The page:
Turkey to host pipeline soon
Without offering details, a top Western envoy for Eurasian energy said proposals would be signed to move gas through Turkey within six months.
C. Boyden Gray, the U.S. special envoy for Eurasian energy, said an agreement could be signed in 2009 whereby Turkey hosts a gas transit route to bring natural resources to Europe, Trend Capital News reported.
Though Gray did not specifically mention the Nabucco gas pipeline, he had hinted the Western-backed project from Azerbaijan was the favored route over the rival South Stream pipeline from Russia.
"We all focus on the Nabucco project, but we do not have to forget that there are also other projects which enable us to transport the energy resources to Europe," Gray said in September.
He acknowledged, however, that South Stream may develop quicker than Nabucco as the rising cost of steel has translated to a price increase of about 1.5 times its original $6.8 billion price tag.
Gray was in the region to meet with top officials on the need to diversify the European energy market.
His move follows earlier visits to Central Asia from U.S. Secretary of State Condoleezza Rice and U.S. Vice President Dick Cheney to develop energy ties in the region.
Pakistan, Iran move on IPI
Pakistan said it was cautious of the gas pricing formula proposed by Iranian officials for the Iran-Pakistan-India pipeline following reports of a bilateral deal.
All parties to the pipeline from the Iranian South Pars gas field had agreed to a pricing mechanism based on recommendations from a third-party consultant. Unless Iran tries to reach a separate bilateral agreement directly with Pakistan, the project could face further obstacles, the Pakistani Daily Times said.
A Friday report in the Press Trust of India said Pakistan and Iran had agreed to move ahead with plans for the planned 1,724-mile pipeline without India, saying New Delhi could sign on at a later time.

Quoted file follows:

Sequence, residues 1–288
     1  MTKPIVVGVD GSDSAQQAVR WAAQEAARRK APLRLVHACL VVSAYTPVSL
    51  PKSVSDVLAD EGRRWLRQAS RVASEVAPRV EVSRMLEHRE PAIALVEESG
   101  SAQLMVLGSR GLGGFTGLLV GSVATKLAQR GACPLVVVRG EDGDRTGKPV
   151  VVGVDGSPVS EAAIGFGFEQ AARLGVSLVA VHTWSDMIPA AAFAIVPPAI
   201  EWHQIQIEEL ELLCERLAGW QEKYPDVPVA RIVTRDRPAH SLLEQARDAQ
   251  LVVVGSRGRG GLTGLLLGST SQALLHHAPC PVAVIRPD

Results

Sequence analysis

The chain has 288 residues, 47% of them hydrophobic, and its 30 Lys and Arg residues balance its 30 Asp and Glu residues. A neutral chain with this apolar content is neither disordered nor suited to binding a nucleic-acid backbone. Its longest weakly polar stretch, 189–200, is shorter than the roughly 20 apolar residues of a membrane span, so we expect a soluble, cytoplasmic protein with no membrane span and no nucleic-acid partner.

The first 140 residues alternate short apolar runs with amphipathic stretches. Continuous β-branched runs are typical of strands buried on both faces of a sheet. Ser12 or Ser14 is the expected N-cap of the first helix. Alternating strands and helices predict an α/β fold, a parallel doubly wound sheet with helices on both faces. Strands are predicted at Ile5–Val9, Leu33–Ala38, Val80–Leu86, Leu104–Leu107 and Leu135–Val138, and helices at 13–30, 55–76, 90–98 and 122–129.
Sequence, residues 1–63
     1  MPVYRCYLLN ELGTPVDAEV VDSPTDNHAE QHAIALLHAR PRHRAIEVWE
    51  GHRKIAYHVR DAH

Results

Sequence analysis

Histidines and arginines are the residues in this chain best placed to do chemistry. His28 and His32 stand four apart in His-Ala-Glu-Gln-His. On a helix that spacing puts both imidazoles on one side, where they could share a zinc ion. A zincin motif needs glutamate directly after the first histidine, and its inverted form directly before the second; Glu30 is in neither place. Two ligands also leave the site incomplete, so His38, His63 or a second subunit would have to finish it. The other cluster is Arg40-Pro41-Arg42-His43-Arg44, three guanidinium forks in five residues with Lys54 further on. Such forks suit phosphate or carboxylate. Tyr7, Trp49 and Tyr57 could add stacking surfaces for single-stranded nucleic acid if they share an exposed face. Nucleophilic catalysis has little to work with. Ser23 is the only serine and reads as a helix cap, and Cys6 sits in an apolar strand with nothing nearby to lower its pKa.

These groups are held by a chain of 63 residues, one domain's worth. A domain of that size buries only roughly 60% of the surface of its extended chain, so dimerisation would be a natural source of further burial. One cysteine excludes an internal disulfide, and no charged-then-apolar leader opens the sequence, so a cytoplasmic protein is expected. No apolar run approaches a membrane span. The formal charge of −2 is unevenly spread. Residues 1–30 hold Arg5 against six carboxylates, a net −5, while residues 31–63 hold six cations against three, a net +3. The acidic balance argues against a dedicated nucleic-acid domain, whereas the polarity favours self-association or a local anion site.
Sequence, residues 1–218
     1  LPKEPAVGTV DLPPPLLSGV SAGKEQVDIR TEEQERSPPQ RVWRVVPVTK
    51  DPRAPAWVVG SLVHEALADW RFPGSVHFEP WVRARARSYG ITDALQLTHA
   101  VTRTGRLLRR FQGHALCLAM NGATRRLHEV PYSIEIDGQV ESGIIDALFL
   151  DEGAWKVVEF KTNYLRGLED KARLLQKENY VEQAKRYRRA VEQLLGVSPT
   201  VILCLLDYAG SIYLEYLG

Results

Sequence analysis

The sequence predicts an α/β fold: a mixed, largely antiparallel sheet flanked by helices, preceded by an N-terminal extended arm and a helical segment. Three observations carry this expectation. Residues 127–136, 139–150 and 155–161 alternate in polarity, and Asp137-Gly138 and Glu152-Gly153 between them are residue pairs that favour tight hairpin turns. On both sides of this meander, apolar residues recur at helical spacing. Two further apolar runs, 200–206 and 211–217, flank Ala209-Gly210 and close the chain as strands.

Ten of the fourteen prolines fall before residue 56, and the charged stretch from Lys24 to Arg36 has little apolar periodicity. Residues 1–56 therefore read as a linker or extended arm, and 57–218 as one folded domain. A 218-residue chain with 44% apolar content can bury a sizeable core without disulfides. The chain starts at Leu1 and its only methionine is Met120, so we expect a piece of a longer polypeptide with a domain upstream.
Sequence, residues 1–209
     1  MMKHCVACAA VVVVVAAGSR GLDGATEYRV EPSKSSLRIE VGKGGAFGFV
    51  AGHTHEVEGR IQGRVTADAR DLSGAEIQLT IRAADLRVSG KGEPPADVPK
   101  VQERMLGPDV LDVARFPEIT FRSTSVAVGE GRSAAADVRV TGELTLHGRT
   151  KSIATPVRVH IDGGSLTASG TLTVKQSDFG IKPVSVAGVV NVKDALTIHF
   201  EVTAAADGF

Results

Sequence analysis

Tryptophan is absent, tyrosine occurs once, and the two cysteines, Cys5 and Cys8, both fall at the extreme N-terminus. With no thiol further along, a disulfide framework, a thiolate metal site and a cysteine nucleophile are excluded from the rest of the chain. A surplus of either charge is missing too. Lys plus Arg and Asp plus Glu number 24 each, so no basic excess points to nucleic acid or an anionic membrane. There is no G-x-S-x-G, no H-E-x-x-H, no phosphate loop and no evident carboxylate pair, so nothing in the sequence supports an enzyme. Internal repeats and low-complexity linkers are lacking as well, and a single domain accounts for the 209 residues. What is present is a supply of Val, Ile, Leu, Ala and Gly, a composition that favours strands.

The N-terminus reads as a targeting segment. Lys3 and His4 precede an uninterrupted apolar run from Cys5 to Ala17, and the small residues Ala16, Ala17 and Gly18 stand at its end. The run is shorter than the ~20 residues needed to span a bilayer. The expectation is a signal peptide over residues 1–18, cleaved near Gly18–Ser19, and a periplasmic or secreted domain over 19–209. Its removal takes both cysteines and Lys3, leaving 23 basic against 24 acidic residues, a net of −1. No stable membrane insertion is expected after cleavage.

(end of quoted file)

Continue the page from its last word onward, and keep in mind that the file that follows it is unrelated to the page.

"Pakistan wants the gas pipeline project (to) be initiated bilaterally between Pakistan and Iran while India could join afterwards whenever it so desires," said Pakistani Prime Minister Yousaf Raza Gilani.
Iran said that if Pakistan disrupts the flow of gas to India, Iran will reduce Pakistan's gas supplies in an equal volume. Iran also sought a force majeure clause to protect Tehran from legal consequences should India or Pakistan face gas disruptions if Iran came under military attack.
Tehran asked Islamabad to include the phrase "situation of armed conflicts or war" as a substitute for "act of war." The new language covers state-centric military conflict rather than internal issues exclusively.
An agreement between Pakistani Foreign Minister Shah Mahmood Qureshi and Manouchehr Mottaki, his Iranian counterpart, would move the project along as Pakistan is facing a looming energy shortage.
Iranian officials last week agreed to supply Pakistan with oil on a deferred payment schedule in the wake of the energy crisis.
"We discussed difficult economic challenges," Qureshi said. "I made a request that it will be a great help if Iran provides us with oil on a deferred payment under the Iranian law," he said.
Caspian oil production resumes in December
BP, the operator of the Azeri-Chirag-Guneshli oil field in the Caspian Sea, said production and transportation would return to full capacity by December.
The statements contradict reports from Vidadi Rustamov, the deputy head of the State Oil Co. of Azerbaijan Republic, who told attendees at an oil and gas conference in Kazakhstan production would resume in October.
Operators closed two platforms in the Caspian oil field because of a gas leak in September. Though the gas leak cut production by slightly more than 30 percent, BP said full exports from the field through the Baku-Tbilisi-Ceyhan pipeline may be delayed to December, the Azeri Press Agency reported.
Production from Azeri-Chirag-Guneshli peaked at 841,169 barrels per day in July. The field is the primary source of oil from the BTC pipeline.
A fire at a pumping station in eastern Turkey closed the pipeline in early August, and a conflict between Georgia and Russia over the breakaway republic of South Ossetia briefly disrupted the flow of roughly 1 percent of the world's oil.